Taking Control of Your Fitness This Winter via the OutSeason

800 600 Patrick McCrann

A coach is really just a time investment manager. You, as a self-coached athlete, must also play this role.

“Real Life You” gives “Coach You” only so many hours of training time to work with. You assign time to the more important areas of your life: family, work, personal interests, social stuff, etc. Only then can you turn to training.

As your own Time Investment Manager, your job is to maximize the Return on Investment (ROI) of time spent training.  Since we have limited training time, we need to spend that time doing the work that makes us better, faster, healthier, stronger.

As your own Time Investment Manager, your job is to maximize the Return on Investment (ROI) of time spent training.

Years of coaching age-group triathletes, runners, and cyclists, has shown that all training time is not created equal. The fallacy of planning and using units of time (days / weeks / months) makes time appear equal: ten hours this week and ten hours next week. On the face of it, both weeks are ten hours. Smart athletes know that it’s what you do within those hours that makes a difference.

Training time is particularly more expensive in the winter.

There is less time available as the days are shorter.

Even if you aren’t training outside most of the time, hours of daylight have a massive effect on your overall energy levels and motivation.

It’s cold, raining and/or snowing outside = indoor training = training time has a huge mental cost.

Even with adaptations in technology like Zwift and Trainer Road  indoors time still is more taxing on your body.

You’ve already been training all year, or at least a long time.

You need to give your head a break before you ask it to commit to the work you’ll expect of it next season. Ignoring what your mind and body needs in terms of rest is a recipe for disruption and potential disaster.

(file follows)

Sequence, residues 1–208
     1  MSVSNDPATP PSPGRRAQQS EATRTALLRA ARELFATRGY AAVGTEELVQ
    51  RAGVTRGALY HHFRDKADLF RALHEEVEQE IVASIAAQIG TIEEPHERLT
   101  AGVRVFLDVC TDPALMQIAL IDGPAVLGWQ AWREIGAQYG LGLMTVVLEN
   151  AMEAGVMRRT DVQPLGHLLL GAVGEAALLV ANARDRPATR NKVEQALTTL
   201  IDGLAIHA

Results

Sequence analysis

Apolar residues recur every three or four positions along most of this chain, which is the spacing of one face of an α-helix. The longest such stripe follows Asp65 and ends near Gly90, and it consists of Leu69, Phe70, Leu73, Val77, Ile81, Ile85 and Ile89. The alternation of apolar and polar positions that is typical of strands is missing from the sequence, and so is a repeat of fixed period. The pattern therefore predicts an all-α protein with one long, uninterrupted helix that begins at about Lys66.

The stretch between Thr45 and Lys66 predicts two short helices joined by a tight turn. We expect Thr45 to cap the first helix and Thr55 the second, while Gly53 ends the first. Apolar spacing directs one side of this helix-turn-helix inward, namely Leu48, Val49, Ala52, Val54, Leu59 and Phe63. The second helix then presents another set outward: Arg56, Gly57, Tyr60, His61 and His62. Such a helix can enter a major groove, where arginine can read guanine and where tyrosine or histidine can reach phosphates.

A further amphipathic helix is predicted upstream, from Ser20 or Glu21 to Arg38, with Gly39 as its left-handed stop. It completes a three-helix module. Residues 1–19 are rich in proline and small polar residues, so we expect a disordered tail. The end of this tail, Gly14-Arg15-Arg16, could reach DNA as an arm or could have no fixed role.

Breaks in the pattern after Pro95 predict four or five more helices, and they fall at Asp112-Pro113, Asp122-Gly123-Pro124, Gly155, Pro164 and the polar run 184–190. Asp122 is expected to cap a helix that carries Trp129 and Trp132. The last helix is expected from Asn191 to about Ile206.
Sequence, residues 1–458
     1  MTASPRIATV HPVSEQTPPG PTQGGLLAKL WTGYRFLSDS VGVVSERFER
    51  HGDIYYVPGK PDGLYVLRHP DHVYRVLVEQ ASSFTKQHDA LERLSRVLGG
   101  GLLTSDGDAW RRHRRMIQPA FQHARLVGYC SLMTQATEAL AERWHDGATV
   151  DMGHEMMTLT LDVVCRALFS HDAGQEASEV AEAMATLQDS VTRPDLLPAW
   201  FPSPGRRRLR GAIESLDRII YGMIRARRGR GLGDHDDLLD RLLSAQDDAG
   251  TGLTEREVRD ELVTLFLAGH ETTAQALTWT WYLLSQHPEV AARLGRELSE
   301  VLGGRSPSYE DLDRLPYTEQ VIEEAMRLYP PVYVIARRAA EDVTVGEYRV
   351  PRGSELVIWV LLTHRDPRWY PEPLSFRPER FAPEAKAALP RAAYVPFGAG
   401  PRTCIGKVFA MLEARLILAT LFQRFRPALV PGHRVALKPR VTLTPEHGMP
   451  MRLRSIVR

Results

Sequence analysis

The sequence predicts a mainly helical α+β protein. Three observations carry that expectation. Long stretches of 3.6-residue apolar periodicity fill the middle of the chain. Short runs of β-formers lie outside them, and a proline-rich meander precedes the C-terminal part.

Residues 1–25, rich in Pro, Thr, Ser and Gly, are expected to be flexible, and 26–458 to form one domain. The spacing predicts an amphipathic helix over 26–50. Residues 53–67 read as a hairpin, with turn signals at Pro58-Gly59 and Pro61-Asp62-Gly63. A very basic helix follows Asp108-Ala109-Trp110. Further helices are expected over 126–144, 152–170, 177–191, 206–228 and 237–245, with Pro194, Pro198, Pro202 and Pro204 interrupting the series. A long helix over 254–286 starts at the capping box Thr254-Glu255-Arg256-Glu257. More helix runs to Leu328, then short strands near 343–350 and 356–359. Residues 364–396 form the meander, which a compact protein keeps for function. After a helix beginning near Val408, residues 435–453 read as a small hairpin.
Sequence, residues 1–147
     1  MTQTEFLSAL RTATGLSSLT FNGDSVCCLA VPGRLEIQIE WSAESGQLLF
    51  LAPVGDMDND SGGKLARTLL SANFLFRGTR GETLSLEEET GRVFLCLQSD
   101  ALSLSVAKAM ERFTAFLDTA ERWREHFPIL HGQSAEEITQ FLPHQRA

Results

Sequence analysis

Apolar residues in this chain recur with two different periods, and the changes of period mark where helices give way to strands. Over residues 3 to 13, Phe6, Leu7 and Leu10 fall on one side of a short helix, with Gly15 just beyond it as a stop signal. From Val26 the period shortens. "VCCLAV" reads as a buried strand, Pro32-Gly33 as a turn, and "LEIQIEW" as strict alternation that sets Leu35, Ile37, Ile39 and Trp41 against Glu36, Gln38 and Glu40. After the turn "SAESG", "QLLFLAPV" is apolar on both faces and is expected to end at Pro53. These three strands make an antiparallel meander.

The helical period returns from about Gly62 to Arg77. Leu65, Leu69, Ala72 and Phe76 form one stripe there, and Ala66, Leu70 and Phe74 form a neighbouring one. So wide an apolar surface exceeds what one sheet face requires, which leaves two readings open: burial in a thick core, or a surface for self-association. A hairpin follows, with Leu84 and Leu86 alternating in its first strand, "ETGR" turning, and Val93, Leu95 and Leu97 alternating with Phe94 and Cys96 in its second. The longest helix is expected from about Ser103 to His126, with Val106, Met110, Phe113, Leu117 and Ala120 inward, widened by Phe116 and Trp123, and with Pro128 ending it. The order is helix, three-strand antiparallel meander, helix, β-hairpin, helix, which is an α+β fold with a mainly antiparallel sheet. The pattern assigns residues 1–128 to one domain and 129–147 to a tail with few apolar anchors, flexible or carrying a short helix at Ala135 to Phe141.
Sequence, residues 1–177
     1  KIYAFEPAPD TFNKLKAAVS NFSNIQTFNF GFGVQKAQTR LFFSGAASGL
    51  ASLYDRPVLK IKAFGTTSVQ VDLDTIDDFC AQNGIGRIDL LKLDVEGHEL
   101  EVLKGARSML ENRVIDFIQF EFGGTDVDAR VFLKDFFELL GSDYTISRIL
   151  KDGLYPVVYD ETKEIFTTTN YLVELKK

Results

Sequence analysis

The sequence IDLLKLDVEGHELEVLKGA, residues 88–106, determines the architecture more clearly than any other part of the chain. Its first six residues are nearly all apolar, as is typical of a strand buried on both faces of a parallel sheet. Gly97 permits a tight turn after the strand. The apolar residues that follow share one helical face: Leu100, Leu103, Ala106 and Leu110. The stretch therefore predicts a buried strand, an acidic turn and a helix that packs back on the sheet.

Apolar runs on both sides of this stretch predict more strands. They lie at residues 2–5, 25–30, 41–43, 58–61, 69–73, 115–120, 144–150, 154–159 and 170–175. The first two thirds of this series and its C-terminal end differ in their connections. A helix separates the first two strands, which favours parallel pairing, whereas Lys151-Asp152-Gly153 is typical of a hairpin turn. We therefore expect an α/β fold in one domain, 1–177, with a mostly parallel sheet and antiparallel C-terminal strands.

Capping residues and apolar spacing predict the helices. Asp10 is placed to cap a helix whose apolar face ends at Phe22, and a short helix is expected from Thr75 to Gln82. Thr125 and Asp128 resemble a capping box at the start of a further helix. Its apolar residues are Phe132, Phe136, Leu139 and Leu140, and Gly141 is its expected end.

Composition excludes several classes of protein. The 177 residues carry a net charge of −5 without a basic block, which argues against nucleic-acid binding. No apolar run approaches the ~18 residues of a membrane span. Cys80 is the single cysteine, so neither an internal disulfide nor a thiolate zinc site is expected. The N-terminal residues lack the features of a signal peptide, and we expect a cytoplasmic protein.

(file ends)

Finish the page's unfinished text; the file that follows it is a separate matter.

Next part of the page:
Most importantly, you’ve asked your family / significant other to sacrifice a great deal as you train for hours and hours and hours every week.

You owe it to the people you care about to spend more time with them, and this means less time with your bike or running shoes, less time at the gym…and more time with the people that matter to you.

While we completely understand that training is part of your lifestyle and you want to do what it takes to get faster year after year, “November-Thru-March You” owes it to your family and “April-thru-September You” to make that training as time-efficient as possible.

“Victory comes from finding opportunities in problems.”
~ Sun Tzu

How to Move Forward, Focused

But all is not lost. You can still improve on a more focused training schedule.  Less time and changed priorities are simply opportunities to improve the training system you have built.

One way you can achieve the Return On Investment you seek by making your training very low volume and either very frequent or very intense.

Fitness Is the Ability to Perform Work

The physics of you moving your body down the road or through the water, using your hands, your bike, or your feet is simply work.

Work X applied to the mass of your body yields speed Y. Your fitness is then simply an expression of your body’s ability to perform work.